Aviation analyst and consultancy JP Morgan is predicting lacklustre Q2 deliveries from the bulk of the business jet manufacturing community, while the price and global inventory of used aircraft continues to hamper industry recovery.

In its latest monthly report ahead of a slew of industry results, JP Morgan said: "Cessna should be in the spotlight following its disappointing Q1." While demand for smaller Citations remains depressed, it added: "We will look for more colour on the Sovereign and XLS - key midsize offerings for which there are still open slots this year."

The report stated that Gulfstream may be affected by China's economic slowdown. The country has accounted for 20-25% of large cabin deliveries in the past two years, "and a slowing business jet market there is a source of risk as [Gulfstream's] China deliveries appear to be running low, at six so far this year."

Bombardier is expected to "stand out from a book-to-bill standpoint thanks to the 20 Challenger 350s that Swiss charter company Vistajet ordered last month." JP Morgan argues, however, that the Canadian airframer "still has a hole to fill for Challenger deliveries this year."

The group added: "The 2013 business jet delivery target for Bombardier overall depends on a large number of Learjet 70/75s being shipped in [the fourth quarter], when the aircraft is slated to enter service."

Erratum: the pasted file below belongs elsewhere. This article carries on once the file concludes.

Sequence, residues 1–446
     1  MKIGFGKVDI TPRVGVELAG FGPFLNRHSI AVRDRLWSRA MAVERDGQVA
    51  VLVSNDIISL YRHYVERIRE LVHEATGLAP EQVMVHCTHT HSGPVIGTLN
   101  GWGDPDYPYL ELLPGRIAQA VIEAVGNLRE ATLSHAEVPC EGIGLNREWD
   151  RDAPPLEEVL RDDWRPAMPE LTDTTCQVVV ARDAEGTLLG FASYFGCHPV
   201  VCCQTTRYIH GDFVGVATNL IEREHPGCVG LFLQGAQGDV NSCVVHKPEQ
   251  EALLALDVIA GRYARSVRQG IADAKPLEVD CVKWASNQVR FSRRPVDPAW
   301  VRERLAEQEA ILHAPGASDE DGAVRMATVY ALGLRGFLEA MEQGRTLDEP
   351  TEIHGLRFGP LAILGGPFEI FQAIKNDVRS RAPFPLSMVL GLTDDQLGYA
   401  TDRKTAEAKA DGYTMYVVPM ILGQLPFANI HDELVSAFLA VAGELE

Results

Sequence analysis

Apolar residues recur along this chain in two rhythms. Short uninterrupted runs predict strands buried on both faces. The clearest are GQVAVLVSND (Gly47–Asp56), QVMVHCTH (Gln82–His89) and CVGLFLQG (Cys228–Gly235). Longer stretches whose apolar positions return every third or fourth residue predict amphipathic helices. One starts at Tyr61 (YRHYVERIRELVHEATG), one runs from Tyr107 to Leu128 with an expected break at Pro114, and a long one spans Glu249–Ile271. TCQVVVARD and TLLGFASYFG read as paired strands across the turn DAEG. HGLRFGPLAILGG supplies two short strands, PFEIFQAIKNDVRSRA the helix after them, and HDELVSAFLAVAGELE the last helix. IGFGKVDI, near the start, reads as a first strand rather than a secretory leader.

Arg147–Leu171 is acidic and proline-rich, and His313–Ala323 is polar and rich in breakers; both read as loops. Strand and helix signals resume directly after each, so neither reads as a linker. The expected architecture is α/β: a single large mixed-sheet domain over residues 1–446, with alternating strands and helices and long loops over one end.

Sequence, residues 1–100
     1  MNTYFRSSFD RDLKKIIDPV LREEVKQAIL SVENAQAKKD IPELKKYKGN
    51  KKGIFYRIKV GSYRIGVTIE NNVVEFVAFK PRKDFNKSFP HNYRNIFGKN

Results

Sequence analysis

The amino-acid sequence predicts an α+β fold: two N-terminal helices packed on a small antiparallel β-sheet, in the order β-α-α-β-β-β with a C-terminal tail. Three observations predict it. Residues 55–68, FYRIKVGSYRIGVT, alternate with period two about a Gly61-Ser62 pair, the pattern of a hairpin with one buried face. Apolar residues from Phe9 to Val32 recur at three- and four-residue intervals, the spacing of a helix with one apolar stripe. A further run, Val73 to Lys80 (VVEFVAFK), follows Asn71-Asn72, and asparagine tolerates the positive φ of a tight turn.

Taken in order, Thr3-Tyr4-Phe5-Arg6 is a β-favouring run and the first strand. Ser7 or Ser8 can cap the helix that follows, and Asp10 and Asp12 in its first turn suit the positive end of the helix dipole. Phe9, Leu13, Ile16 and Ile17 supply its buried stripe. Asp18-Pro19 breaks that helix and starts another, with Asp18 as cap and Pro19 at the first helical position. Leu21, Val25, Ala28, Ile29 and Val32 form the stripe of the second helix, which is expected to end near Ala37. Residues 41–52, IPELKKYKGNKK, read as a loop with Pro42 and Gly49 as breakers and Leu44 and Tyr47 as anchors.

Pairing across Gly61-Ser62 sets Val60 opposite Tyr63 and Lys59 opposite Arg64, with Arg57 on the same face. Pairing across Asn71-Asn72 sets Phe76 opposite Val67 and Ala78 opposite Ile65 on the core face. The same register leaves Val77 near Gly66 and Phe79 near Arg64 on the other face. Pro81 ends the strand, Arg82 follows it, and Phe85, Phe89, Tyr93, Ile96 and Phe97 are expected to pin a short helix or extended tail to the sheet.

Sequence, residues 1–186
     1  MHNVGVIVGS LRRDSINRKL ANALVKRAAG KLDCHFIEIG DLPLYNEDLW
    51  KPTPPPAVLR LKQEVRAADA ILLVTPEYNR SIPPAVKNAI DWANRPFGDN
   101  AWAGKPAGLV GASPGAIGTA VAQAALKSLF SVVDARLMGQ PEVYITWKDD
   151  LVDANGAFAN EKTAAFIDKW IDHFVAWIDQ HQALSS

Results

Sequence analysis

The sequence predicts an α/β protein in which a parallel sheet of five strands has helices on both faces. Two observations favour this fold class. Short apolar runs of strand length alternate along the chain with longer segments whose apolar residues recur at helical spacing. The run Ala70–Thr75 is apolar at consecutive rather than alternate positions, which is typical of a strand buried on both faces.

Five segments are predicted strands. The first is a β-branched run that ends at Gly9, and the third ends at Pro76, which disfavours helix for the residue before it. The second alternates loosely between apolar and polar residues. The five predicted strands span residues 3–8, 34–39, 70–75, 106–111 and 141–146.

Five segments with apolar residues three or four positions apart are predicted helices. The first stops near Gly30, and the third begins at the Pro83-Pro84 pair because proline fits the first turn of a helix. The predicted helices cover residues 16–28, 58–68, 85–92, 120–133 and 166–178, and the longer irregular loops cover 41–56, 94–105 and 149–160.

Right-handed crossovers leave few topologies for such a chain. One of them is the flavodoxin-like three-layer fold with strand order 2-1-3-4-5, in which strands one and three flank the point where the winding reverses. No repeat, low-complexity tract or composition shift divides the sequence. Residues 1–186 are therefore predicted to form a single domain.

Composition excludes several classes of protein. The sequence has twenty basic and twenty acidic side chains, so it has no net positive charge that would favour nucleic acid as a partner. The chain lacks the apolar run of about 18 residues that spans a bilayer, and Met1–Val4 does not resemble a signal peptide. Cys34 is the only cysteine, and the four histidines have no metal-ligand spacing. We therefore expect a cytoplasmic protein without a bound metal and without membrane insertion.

A full recovery in the new aircraft sector continued to be hampered by the stubbornly high global inventory of used business jets, according to JP Morgan. Business jets aged five years or younger continue to retain their customer appeal.

The market remains ripe for business jet buyers as the average asking price in June declined by 3.2% compared to the previous month.

"Used pricing has taken a turn for the worse recently," the report said. "Prices have yet to bottom since the downturn began in 2008 and are now down 12% year on year and 41% from the November 2008 peak.

"Pricing was weakest for super-midsize types such as the out of production Hawker 4000, but across the spectrum price tags are faltering. Light jet average asking prices fell 1.4% and medium jet prices were flat."

While aircraft purchasing remains sluggish, flight operations saw a modest hike.

JP Morgan points to the latest traffic numbers issued by the US Federal Aviation Administration: "Flight operations grew by 1.4% in May. While this was slightly lower than the 2.1% increase in April, viewed against the weakness of the past two years, two consecutive months of growth could be an early indicator of improvement."

Source: Flight International